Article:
Pollinator and grazing cattle at Sand Ranch, Ashley, ND Photo: Lucy Love
Currently, Audubon Dakota manages roughly 5,000 acres within the state. This would not be possible without the support and help of many different private land cooperators, agencies and programs, local businesses and individuals, and many volunteers and local Audubon Chapters.
In 2012, Audubon Dakota completed a grazing system initiative at its Frederick L. Wicks Sanctuary, near Stanley, ND, installing over 8 ½ miles of grazing infrastructure and completing a series of wetland enhancements. In order to improve the quality of grassland and wetland habitat on Audubon’s Edward M. Brigham III Alkali Lake Sanctuary and surrounding areas, Audubon Dakota is implementing a prescribed grazing system as its primary management tool. As grasslands continue to be degraded and lost from the drift prairie landscape, prairie and grassland birds and wildlife have suffered dramatic declines in numbers. The ultimate goal of the project is to use cattle in a managed rotational system to increase nesting, brooding, and feeding cover for grassland birds, and generally create more hunting and outdoor recreation opportunities. The intent is for the fencing and water systems to be installed during the spring and summer of 2016 so that grazing can commence as soon as possible.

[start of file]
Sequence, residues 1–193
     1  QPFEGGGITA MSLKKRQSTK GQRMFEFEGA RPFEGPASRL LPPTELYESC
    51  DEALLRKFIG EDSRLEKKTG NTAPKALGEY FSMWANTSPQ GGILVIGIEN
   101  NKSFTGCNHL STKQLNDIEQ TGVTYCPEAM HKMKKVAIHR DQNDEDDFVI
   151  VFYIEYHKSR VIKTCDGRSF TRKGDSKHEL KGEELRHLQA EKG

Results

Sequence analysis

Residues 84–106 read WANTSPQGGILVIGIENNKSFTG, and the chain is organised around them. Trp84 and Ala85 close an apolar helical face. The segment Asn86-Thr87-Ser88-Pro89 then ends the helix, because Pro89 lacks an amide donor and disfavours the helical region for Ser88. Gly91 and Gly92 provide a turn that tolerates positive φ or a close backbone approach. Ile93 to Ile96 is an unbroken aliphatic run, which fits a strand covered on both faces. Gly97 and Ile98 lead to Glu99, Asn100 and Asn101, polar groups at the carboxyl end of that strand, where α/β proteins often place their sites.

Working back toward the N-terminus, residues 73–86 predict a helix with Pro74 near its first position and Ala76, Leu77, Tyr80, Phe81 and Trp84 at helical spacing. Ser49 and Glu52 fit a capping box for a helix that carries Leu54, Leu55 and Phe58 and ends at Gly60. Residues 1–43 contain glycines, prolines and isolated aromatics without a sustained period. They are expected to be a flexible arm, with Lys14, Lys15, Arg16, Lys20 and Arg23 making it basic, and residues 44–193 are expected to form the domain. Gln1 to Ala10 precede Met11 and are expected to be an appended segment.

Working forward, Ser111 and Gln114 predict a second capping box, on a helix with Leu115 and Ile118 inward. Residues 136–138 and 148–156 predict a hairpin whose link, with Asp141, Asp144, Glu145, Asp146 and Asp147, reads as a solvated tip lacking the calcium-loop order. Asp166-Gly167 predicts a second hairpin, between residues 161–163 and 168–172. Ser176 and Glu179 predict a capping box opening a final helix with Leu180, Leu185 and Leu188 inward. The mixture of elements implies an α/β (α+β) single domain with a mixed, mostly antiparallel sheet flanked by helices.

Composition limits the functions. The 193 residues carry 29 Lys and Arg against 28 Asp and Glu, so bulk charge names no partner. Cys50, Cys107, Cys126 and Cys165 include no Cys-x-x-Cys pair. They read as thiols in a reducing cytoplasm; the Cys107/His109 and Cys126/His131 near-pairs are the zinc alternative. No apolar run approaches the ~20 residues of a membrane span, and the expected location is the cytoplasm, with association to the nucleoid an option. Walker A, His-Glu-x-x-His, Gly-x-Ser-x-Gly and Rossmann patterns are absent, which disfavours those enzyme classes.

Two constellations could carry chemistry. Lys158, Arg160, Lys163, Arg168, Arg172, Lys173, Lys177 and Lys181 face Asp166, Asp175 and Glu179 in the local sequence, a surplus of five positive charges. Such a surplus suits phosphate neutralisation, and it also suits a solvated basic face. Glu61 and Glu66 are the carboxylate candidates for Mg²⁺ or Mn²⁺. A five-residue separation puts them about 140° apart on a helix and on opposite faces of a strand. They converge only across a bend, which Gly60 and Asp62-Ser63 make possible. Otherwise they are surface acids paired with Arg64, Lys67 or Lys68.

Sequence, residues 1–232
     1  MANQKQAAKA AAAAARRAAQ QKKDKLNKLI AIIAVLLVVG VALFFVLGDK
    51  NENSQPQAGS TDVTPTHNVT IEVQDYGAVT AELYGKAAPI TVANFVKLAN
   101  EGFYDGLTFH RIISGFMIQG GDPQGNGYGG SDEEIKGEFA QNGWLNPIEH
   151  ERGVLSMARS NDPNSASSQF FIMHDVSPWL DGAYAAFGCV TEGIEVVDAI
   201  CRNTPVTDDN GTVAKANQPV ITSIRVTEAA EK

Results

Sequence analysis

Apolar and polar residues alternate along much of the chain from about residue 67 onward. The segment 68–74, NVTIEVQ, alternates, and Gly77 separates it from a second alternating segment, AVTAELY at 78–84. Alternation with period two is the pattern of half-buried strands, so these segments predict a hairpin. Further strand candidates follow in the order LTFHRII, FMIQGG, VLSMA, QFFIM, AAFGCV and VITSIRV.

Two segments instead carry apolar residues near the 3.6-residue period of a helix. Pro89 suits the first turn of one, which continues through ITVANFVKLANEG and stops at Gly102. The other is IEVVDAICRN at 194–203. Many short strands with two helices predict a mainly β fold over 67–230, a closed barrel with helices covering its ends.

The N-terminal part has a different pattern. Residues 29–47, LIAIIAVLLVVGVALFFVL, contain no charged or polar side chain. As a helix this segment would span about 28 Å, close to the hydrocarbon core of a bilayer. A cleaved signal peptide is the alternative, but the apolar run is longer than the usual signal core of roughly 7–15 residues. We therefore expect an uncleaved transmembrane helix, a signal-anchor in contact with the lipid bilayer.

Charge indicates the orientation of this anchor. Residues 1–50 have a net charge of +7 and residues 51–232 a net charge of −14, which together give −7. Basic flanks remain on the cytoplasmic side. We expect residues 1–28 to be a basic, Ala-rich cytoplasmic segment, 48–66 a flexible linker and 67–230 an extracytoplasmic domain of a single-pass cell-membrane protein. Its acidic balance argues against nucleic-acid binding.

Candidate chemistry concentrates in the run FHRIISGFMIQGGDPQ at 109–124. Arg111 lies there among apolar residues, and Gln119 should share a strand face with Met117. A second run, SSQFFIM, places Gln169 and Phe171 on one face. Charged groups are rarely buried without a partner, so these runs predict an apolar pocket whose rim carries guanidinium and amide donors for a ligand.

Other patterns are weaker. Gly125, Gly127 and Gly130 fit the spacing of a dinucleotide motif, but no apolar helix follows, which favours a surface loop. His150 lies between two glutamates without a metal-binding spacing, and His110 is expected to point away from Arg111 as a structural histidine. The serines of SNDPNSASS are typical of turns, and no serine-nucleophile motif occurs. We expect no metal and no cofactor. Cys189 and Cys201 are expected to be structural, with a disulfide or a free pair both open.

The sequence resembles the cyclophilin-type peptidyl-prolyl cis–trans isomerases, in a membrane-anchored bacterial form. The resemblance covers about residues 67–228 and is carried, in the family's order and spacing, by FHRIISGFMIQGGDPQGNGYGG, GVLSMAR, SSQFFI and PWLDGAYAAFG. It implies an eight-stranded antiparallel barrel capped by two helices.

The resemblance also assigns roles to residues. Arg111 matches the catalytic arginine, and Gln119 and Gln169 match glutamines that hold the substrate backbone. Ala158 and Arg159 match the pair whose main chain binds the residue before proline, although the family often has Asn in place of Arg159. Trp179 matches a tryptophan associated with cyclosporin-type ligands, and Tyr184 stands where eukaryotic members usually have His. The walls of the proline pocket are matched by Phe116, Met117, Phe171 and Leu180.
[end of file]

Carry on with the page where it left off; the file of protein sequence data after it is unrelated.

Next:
It’s been shown that when used effectively, cattle are one of the best tools for creating high quality habitat for birds and wildlife. That is why the Audubon Society has developed the Conservation Ranching Program on the national level. This program is focused on partnering with grassfed cattle ranchers to ensure grasslands are properly grazed and managed for grassland bird species, while at the same time, these ranchers get to explore a higher market premium for their products.